10 Business Improvement Techniques Successful Businesses Have in Common

Brad Fagan

There is no one thought, technique or methodology that will get the kind of business improvement you are looking for, but there are certain business improvement techniques that when harnessed together and implemented correctly, will ensure business success.

In researching this article, I analysed 20 companies that have successfully implemented business improvement techniques and came away with 10 actions they all took to create success from start to finish - to see an in-depth case study involving the problems and improvement successes of 8 of these companies, download the Business Improvement E-book.

These 10 techniques are in order and there's a reason for that. These are improvement steps - they do not live in isolation. If you want an improvement project to work then you will need to harness each of these actions in different stages of an overall plan - a plan that can work if you put in the time, effort and follow the 10 steps below.

To assist you in quantifying the benefit of process improvement, I would suggest also downloading the Business Analysis White Paper which wil show you how you can analyse your organisation and quantify the potential benefits of process improvement with business process modelling.

Download your Complete Guide to Continuous Improvement in Business

10 Business Improvement Techniques Successful Businesses Have in Common


 1. Creating an 'Operational Excellence Group'

One of the common factors in successful business improvement techniques has been a specific 'task force' created to enforce the business improvement project.

Setting up regular meetings and integrating the right team members will ensure that your team will engage those required to bring about improvement. 

Regardless of whether you are a small or large organisation, setting this up can have huge benefits when the key stakeholders are kinvolved in the change initiative.

National Oilwell Varco set up an 'Operational Excellence Group' for process and flow technologies. They realised that their challenge was not only a practical one, but a cultural one as well which is why it is important to create a team that will in turn create an action plan...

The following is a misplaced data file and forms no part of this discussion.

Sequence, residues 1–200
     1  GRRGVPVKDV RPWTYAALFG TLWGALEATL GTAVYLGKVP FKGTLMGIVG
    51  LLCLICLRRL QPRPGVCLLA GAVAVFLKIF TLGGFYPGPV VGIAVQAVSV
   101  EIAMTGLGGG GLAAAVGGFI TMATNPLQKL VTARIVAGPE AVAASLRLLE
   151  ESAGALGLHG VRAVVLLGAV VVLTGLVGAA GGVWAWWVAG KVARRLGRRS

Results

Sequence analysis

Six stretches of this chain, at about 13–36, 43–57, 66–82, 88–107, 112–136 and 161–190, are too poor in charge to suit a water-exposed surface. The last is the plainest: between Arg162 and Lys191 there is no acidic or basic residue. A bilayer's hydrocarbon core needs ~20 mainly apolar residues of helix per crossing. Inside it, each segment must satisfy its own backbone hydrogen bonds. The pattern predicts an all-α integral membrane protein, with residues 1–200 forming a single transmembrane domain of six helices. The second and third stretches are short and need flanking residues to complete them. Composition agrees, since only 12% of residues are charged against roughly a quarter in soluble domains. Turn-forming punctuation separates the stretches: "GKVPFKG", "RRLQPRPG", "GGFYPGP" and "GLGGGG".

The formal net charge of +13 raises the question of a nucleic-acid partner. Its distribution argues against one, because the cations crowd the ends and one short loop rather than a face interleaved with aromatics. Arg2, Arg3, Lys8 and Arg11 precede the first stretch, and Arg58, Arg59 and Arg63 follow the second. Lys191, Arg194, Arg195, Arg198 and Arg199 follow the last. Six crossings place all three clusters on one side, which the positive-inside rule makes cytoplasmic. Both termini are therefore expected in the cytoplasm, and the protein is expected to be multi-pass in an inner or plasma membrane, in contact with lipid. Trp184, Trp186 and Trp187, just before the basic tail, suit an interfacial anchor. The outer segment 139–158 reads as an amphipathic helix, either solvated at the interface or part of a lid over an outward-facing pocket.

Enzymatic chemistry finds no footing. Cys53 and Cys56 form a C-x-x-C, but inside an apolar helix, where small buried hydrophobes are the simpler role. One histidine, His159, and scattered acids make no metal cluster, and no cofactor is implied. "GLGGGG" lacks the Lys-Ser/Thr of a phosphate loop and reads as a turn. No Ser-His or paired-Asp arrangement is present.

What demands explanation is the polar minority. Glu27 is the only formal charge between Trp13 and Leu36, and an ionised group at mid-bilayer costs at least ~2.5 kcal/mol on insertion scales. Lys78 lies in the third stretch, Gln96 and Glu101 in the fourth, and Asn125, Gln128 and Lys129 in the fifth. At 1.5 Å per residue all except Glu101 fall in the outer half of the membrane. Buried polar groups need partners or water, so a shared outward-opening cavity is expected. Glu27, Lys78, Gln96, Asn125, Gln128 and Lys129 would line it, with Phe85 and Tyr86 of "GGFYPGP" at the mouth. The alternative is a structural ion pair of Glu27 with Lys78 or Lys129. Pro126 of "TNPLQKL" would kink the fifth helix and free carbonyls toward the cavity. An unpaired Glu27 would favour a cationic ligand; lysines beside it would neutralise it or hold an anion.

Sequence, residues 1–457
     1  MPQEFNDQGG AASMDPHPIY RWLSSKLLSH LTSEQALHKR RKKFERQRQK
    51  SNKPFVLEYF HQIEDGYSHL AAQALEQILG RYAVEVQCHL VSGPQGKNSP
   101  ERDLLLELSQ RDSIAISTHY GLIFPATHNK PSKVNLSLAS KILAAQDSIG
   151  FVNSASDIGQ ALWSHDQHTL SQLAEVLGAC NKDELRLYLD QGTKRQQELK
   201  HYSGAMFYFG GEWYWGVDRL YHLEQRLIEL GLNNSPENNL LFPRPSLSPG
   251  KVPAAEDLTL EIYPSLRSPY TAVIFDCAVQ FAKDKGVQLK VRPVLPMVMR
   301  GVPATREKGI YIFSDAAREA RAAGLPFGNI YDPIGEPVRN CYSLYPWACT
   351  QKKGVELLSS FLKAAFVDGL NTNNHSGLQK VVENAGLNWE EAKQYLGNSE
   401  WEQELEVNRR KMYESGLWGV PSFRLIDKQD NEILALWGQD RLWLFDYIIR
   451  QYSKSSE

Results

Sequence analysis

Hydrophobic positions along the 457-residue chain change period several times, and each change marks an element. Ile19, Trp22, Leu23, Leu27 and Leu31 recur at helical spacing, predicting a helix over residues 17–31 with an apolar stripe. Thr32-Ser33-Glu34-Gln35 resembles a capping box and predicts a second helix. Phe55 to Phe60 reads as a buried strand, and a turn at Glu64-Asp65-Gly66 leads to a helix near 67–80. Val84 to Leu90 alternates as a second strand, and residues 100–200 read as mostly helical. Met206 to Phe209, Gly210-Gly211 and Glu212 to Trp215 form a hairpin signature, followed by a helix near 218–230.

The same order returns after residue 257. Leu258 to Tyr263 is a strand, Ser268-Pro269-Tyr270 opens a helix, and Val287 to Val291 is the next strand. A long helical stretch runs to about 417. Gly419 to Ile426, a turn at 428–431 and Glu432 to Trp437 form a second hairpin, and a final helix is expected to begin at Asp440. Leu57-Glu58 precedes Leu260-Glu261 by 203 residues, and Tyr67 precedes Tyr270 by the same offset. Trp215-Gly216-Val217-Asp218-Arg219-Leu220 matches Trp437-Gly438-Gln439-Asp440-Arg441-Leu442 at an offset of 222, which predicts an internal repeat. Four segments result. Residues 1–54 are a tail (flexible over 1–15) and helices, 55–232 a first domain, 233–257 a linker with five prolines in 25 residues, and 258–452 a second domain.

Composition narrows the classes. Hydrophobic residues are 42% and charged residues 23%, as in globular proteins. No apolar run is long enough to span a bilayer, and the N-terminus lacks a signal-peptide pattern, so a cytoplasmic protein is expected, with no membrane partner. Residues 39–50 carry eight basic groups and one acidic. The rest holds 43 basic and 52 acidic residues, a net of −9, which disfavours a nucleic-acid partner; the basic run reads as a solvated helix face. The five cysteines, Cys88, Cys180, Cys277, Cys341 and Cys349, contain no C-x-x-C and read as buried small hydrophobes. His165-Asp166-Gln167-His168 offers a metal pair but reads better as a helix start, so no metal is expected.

2. An Implementation Action Plan

This planning technique isn't going to win any awards for originality but most improvement projects live and die in the planning stage. In order to be ready for implementation, a company must:

  • Identify what the Problem is
  • Identify what needs to change
  • Identify what the organisation needs to make that change a success
  • Research, tailor and compare the necessary tools/methodologies/software companies that fit the business
  • Consider whether you have the time/resources to really make your implementation successful - if you don't then you shouldn't begin in the first place.

In 2010, while creating their action plan, Skanska UK discovered three changes that would revolutionise the way they ran their business.

They would implement:

  • One management system containing policies, processes and procedures common to all operating units
  • A single accreditation (LRQA)
  • A common business process management platform 

After listing areas of their business, Skanska UK were immediately able to identify that all of their processes fell into one of these categories:

  • Functional Area – supporting processes, health and safety, procurement
  • Project Control – everyday project management processes
  • Sector – processes to meet specific requirements e.g. gas, highways etc.

This gave them the structure and the vision to know what had to be done and what they needed to achieve real change, which resulted in Skanska UK winning a British Quality Foundation UK Excellence Award in 2013.

skanska award.jpg

3. Stakeholder Engagement

If I were to boil down every improvement action into one over-riding and consistent 'golden rule' for business improvement it would be about creating a culture around any improvement initiative. 

Your success is dependent on gaining buy-in from the management, key stakeholders (and ultimately the wider organisation).